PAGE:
"He did act as if the world had come to an end," mused Joy aloud. "I was frightened for a minute, though."

"You didn't show it. You were very brave and clear-headed," John told her comfortingly.... "I don't know that I'd have behaved very differently in his place. As he said, it wasn't I."

"Oh, was that what he meant?" said Joy. "I didn't quite know."

"Thank heaven it wasn't!" said John.









Phyllis was perfectly all right the next day. She stayed in the hammock because Allan made her, and she confessed to a shadow of a headache, but altogether, she said, her accident was worth much less fuss than was made over it. The rehearsals swept relentlessly on, past all stemming. Clarence was getting thinner under the strain, which was very becoming, and pleased him exceedingly.

Joy, too, was a little affected by the current of things. In all Clarence's off moments he was either with her or trying to be, and she could not at all make him out. If he had been anybody else she would have thought he was very much in earnest about trying to make her marry him. But, then, John, when she came to think of it, could have been described the same way. A bit of Gail's careless wisdom, dropped one day at rehearsal, gave her a clue to things. Gail had been stating to one of the teachers, who played Fleta, one of the leaders of the chorus, that she'd had four proposals that summer. Gail's attitude of cynical frankness about her desire to collect scalps was something to make the average person gasp. She really meant it. She was, as Joy had discovered by this time, quite without malice—also quite without considerateness.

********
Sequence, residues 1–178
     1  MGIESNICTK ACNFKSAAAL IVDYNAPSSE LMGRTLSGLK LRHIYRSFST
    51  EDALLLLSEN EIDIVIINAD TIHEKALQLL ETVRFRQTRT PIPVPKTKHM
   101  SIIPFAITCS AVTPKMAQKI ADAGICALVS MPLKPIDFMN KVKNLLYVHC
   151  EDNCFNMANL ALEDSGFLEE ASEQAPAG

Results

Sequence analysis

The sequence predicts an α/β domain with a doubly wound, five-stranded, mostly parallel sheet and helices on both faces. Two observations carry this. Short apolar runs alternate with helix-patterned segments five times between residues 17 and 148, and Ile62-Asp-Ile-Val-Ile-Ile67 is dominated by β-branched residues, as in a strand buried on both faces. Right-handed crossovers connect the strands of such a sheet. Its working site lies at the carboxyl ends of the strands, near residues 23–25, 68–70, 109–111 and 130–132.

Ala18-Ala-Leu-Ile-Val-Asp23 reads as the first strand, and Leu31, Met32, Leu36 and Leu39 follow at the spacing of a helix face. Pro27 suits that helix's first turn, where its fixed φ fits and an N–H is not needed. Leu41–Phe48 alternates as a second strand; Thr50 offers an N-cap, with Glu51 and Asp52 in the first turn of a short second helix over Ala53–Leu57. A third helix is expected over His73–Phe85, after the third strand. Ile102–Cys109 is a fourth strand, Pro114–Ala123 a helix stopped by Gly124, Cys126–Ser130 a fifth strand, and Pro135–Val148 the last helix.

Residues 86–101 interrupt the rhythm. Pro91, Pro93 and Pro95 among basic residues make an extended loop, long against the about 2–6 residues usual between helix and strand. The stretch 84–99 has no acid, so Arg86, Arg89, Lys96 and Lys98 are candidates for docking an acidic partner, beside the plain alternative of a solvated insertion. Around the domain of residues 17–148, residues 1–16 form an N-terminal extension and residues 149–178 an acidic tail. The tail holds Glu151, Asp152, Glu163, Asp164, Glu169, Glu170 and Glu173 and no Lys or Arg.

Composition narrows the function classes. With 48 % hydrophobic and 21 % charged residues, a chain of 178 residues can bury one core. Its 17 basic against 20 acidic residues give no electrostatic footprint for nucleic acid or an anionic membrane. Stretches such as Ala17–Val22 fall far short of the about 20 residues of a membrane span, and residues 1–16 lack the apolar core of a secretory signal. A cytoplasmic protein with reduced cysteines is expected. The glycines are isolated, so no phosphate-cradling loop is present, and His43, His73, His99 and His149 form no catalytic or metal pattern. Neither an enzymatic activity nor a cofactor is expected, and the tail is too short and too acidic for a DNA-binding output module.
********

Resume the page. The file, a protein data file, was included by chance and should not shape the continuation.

"It isn't difficult," said Gail to the stiffening teacher. "Competition is the soul of trade. If I can give the poor souls an idea that other men want me—quite flaunt them, you know—they all come bounding up to want me, too. It's very cheering, don't you think, to have a faithful hound or so about?"